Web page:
The paddle back was pretty uneventful. Once I passed mile 25 muscle soreness finally kicked in, and I started taking a break after each mile. Sea sickness also started to creep in, and I had to force myself to keep drinking water. These sort of things are likely to happen when I cross the Catalina channel, so its good that I experience them during my training paddles.

Miles: 31.13
Hours: 10:32
Water Temp: 69 F

The day was a resounding success. I didn't catch any fish, but I paddled farther than I ever have before. Honestly that might be the longest paddle I ever do!

Sunday, June 21, 2020

The kayak trolling continues

June 20, 2020

Finally, I have a rudder on the kayak! It isn't necessary on the calm days, but there have been a few trips where I've ended up pretty far from shore when the wind picked up. Even if the wind is at your back, it's usually not pointed exactly in the direction you want to go. This leads to weathercocking (it's a real term, Google it). There have been a few times when I've had to paddle several miles with only one arm to stay in a straight line. I'm happy those days are in the past. OEX San Diego did the rudder install for a good price. Definitely give them your business if you live in the area.

On Saturday I launched from Mission Point Park and paddled south along the length of Point Loma. I stubbornly wanted to troll lures again, even though I haven't had any luck with them outside the bays. It's been a few weeks since I've been out, and I've been seeing reports of barracuda, bonito, and yellowtail. I'd be happy with anything big enough to go for a Rapala Xrap Magnum 20 or 30, so those are what I trolled. I caught my first fish on the 30, a calico bass. I replace the trebles with singles on my trolling lures, but unfortunately the front hook tore up its belly during the fight. I wonder how often that hook is the one the fish gets hooked on?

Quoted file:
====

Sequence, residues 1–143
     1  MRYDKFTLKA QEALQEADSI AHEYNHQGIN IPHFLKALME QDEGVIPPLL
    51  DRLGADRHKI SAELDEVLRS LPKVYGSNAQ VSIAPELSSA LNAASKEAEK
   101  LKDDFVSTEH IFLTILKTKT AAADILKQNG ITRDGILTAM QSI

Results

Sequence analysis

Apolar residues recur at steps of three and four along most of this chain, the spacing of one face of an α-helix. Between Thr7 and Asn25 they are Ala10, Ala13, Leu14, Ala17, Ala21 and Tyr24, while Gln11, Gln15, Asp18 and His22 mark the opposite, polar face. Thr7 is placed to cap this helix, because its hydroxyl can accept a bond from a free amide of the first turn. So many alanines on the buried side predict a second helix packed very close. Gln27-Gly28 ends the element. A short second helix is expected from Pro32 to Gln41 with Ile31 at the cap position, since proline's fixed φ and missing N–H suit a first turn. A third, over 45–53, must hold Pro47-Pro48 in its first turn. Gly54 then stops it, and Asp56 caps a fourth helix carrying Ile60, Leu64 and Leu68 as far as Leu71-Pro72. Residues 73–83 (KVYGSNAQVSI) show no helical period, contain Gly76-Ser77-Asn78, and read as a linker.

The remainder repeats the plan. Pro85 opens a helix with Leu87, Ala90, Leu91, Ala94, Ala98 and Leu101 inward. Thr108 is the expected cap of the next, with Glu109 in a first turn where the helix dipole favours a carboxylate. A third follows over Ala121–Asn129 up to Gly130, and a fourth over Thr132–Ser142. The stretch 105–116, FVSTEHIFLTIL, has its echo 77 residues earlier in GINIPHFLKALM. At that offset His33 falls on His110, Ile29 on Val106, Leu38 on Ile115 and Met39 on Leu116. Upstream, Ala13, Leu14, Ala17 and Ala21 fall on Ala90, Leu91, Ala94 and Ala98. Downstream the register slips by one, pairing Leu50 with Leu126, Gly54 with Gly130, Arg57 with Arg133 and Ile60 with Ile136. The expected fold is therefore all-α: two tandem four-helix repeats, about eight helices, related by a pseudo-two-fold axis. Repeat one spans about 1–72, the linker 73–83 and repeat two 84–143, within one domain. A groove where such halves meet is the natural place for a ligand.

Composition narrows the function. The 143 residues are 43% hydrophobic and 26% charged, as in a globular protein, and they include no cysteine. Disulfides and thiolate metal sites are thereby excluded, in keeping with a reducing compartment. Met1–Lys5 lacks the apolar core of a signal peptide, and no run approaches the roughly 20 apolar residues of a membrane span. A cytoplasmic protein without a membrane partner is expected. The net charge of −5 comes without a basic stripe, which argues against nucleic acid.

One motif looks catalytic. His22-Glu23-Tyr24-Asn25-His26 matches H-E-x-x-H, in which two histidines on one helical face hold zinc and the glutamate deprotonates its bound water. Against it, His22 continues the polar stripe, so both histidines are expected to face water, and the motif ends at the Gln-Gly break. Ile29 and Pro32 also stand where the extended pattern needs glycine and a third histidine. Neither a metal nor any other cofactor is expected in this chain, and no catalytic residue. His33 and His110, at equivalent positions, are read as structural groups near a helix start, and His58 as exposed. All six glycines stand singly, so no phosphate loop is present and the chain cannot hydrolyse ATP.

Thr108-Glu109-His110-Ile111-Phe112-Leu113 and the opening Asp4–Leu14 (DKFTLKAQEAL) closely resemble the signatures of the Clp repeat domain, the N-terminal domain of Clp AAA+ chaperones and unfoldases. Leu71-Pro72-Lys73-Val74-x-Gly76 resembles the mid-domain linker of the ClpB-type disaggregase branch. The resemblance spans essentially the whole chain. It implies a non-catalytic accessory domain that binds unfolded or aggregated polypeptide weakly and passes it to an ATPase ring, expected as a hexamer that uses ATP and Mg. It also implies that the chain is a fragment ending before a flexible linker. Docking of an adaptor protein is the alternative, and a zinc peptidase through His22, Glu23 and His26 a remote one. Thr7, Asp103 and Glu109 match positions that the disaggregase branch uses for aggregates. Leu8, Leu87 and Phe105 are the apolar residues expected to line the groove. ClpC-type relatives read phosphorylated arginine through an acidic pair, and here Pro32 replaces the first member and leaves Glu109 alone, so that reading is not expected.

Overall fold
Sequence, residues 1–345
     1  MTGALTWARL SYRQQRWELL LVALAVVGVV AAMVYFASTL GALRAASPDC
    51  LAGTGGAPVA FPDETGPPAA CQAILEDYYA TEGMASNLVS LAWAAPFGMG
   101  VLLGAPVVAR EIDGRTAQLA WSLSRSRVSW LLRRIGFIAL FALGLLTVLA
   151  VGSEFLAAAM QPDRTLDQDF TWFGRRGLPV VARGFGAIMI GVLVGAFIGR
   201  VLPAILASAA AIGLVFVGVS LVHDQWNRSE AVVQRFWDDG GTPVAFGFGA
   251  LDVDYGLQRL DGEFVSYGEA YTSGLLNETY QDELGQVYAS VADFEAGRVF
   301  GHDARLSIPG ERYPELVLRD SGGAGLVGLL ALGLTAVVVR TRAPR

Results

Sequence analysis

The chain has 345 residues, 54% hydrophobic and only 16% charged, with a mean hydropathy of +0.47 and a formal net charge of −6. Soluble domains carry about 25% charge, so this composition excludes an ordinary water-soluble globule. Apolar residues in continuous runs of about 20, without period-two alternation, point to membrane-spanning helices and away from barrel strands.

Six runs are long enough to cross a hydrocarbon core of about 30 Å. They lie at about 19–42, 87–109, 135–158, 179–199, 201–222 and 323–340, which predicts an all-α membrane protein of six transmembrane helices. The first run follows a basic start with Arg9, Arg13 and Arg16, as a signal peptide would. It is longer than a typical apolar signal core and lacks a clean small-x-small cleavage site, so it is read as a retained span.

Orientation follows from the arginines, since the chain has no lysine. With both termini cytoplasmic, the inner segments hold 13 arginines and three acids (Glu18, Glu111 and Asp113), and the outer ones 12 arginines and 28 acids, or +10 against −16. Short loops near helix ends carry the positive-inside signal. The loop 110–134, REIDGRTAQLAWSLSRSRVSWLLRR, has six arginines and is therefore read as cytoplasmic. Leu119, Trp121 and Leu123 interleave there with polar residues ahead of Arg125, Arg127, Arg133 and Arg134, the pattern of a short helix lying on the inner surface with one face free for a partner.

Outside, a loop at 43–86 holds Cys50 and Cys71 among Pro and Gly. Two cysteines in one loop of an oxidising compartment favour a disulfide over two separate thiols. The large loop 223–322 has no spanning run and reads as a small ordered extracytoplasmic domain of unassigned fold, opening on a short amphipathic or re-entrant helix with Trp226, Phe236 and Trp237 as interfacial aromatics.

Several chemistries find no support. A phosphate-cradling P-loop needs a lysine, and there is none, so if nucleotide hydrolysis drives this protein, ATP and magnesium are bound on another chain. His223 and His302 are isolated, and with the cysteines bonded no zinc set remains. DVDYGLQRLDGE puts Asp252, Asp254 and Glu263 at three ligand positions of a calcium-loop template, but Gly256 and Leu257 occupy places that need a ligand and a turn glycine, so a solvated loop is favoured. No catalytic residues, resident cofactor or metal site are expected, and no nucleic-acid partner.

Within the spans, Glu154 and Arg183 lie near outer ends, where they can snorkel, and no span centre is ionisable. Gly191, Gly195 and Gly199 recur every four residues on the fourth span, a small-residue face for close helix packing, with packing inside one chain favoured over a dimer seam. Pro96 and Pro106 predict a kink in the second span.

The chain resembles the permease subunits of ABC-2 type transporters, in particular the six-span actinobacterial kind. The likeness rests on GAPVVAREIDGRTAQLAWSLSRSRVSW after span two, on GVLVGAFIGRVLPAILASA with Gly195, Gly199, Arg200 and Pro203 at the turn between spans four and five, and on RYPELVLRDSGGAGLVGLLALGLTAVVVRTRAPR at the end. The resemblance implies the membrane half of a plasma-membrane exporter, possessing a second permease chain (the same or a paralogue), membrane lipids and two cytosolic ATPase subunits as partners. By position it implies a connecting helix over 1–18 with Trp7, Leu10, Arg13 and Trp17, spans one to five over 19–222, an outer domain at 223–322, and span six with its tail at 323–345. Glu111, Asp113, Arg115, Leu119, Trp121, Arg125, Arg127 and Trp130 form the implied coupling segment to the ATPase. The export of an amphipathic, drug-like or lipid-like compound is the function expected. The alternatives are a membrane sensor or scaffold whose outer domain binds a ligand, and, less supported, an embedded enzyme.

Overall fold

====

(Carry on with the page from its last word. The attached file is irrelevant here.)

Kelp Bass (Paralabrax clathratus)

There were bait schools all along the outside of the kelp. I fished a small jig to see what they were, and they turned out to be jack mackerel. Strangely enough, I haven't caught one of these since before I moved to California when Eli and I rented a boat and fished out of Redondo Beach. I should take a break from trolling and fish some of these as live bait next time.

Pacific Jack Mackerel (Trachurus symmetricus)

The calicos were out in force. I ended up catching two of them on the Rapalas and seven of them on the jig. Hot pink was definitely working with the overcast conditions. I caught four of the jack mackerel on it as well.

That's it for the fishing report, because around 10 am the wind began to blow. I snagged the Rapala on kelp, and I wasn't able to break it off, so eventually I had to cut the line. In that short amount of time the wind really picked up. I was about 8 miles south of Mission Bay, so I stashed the fishing gear and focused on getting back safely. It was slow going, and the rudder absolutely saved the day. It would have been brutal without it. This was my first time having multiple waves crash over my side while I was paddling, and one of them nearly tipped me over. I made it back around 2 pm in one piece, happy to be off the water.

Miles: 16.53
Hours: 7:44
Water Temp: 69 F